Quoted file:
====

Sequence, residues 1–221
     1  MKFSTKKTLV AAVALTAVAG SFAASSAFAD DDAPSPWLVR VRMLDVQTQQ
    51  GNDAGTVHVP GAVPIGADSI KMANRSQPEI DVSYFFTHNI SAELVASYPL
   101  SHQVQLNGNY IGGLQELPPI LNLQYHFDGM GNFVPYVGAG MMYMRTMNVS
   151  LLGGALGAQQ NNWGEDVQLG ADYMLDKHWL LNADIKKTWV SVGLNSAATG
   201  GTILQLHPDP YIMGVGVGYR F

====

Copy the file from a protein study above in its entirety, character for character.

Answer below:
Sequence, residues 1–221
     1  MKFSTKKTLV AAVALTAVAG SFAASSAFAD DDAPSPWLVR VRMLDVQTQQ
    51  GNDAGTVHVP GAVPIGADSI KMANRSQPEI DVSYFFTHNI SAELVASYPL
   101  SHQVQLNGNY IGGLQELPPI LNLQYHFDGM GNFVPYVGAG MMYMRTMNVS
   151  LLGGALGAQQ NNWGEDVQLG ADYMLDKHWL LNADIKKTWV SVGLNSAATG
   201  GTILQLHPDP YIMGVGVGYR F